Comics Creators Search for 'Super Hero' Alternative

The phrase "Super Hero" is jointly trademarked by Marvel and DC Comics, so independent comic book creators are out of luck if they want to use the term. But how can a hero be impressive if he or she is not allowed to be super?

Copyright © 2006 NPR. For personal, noncommercial use only. See Terms of Use. For other uses, prior permission required.

MELISSA BLOCK, host:

Who owns a word? That burning question might have interested trademark lawyers more than the loyal readers of comic books until recently. Earlier this year the publishers of a relatively small comic book called Super Hero Happy Hour received a letter from two major comic book companies saying they co-own the trademark on the word superhero. So the title was changed to Hero Happy Hour. NPR's Neda Ulabay reports.

(Soundbite from Superman radio broadcast):

Unidentified Man: Look, it's a giant bird,

Unidentified Woman: It's a plane,

Unidentified Man: It's Superman.

NEDA ULABAY reporting:

It's a relatively new word. Superhero entered our vernacular during the advent of radio serials like this.

(Soundbite of Superman radio broadcast):

Unidentified Man: A being no larger than an ordinary man but possessed of powers and abilities never before realized on earth.

ULABAY: The word superhero was trademarked by Marvel and DC Comics in the 1960s, says Michael Lovitz. He's a lawyer who focuses on intellectual property like comic books.

Mr. MICHAEL LOVITZ (Lawyer): Marvel and DC created this category of adventurers, of costumed adventurers.

ULABAY: But Marvel and DC Comics super lawyers will leave you alone if you use the word superhero casually. You can even use it in a comic as long as that word stays off the cover.

Mr. LOVITZ: The law basically says that no one has the right to exclusively appropriate a word.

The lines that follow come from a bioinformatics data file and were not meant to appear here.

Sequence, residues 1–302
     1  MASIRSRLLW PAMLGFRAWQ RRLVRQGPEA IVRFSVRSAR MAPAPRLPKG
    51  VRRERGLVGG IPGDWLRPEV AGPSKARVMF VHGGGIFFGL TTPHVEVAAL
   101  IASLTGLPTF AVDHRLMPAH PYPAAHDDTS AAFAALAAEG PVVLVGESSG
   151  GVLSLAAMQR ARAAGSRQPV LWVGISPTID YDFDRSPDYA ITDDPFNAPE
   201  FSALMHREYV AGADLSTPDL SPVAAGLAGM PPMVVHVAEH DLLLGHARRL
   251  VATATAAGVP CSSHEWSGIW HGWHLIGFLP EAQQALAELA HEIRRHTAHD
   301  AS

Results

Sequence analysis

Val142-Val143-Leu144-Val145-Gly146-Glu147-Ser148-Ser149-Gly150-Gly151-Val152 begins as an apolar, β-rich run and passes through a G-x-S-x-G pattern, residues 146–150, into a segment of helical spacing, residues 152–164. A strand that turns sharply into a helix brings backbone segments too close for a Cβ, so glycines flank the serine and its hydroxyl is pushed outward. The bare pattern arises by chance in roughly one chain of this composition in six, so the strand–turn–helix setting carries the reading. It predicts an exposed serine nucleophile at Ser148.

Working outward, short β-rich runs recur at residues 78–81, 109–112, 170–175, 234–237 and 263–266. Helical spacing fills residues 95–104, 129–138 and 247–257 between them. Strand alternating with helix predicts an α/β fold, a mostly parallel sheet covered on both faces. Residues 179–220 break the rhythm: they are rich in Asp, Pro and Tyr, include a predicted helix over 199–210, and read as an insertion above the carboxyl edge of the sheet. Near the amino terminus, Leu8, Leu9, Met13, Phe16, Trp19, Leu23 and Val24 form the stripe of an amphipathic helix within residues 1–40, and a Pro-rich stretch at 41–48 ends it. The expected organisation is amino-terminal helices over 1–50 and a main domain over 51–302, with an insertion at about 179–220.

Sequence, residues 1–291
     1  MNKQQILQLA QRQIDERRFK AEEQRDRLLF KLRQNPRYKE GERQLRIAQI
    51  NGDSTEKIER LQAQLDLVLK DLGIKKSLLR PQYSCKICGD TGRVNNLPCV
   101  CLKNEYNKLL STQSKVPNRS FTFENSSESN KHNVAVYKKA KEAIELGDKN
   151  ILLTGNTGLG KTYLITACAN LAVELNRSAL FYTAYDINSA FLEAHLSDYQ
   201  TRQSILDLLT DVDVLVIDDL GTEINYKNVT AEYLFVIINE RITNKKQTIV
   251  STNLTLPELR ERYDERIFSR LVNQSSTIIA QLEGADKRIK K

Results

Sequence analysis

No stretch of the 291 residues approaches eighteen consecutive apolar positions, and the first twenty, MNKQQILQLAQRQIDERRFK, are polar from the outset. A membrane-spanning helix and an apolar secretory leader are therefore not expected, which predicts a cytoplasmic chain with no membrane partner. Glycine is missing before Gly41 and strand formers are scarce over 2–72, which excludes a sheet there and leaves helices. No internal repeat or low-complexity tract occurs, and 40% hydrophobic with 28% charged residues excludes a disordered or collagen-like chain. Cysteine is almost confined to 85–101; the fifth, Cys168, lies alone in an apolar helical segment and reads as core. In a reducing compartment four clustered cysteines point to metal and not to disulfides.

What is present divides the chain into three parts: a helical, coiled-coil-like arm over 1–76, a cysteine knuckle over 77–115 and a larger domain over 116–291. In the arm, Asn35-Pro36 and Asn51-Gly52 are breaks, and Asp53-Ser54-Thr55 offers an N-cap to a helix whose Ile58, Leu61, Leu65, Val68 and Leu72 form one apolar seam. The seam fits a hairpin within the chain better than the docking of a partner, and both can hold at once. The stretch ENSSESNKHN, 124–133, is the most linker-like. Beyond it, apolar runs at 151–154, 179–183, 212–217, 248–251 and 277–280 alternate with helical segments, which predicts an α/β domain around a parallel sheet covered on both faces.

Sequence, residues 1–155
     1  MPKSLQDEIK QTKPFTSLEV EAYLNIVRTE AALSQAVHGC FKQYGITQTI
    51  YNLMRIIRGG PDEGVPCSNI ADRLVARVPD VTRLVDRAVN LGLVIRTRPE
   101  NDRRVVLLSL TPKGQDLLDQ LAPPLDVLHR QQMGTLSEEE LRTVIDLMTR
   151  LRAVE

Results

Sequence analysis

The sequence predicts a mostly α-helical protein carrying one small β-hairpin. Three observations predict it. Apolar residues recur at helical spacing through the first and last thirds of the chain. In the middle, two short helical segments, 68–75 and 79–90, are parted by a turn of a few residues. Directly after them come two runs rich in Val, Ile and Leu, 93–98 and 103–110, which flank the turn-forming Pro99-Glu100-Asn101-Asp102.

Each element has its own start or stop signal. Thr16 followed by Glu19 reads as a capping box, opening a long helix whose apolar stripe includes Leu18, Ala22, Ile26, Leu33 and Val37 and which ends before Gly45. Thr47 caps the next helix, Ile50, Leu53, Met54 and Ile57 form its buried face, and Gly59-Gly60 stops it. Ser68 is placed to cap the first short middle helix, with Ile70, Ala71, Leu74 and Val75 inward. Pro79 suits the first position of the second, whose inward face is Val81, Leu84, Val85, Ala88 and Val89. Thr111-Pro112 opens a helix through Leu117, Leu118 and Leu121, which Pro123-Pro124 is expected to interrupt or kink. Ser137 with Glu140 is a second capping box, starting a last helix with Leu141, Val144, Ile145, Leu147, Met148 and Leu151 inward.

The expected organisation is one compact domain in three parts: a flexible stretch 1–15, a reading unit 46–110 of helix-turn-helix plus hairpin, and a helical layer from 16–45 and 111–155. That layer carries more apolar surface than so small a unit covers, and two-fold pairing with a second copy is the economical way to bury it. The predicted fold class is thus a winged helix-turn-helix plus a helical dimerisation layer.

ULABAY: Neither DC Comics nor Marvel agreed to comment for this story. Ronald Coleman is a lawyer who blogs about intellectual property issues. He says both companies are so powerful that they constitute an industry duopoly. He finds preposterous any claims that their brands might be comprised by unauthorized use of the word superhero.

Mr. RONALD COLEMAN (Lawyer): People in the comic book area know very well who are Marvel's superhero's, who are DC's superheroes, and who are indie comic book superheroes. There's zero chance of actual confusion.

ULABAY: For Marvel and DC to protect the word superhero as a trademark, he says, it takes...

Mr. COLEMAN: A little bit of audacity and a lot of lawyers on retainer with a generous mixture of judicial indifference.

ULABAY: Meanwhile, Hero Happy Hour is in the early stages of being developed for television. Creator and writer Dan Taylor told NPR he was heartened by the support of people in the comics community. And, he said, at least the controversy helped put his comic on the map.

Neda Ulabay, NPR News.

Copyright © 2006 NPR. All rights reserved. No quotes from the materials contained herein may be used in any media without attribution to NPR. This transcript is provided for personal, noncommercial use only, pursuant to our Terms of Use. Any other use requires NPR's prior permission. Visit our permissions page for further information.

NPR transcripts are created on a rush deadline by a contractor for NPR, and accuracy and availability may vary. This text may not be in its final form and may be updated or revised in the future. Please be aware that the authoritative record of NPR's programming is the audio.

Comments

 

Please keep your community civil. All comments must follow the NPR.org Community rules and Terms of Use. NPR reserves the right to use the comments we receive, in whole or in part, and to use the commenter's name and location, in any medium. See also the Terms of Use, Privacy Policy and Community FAQ.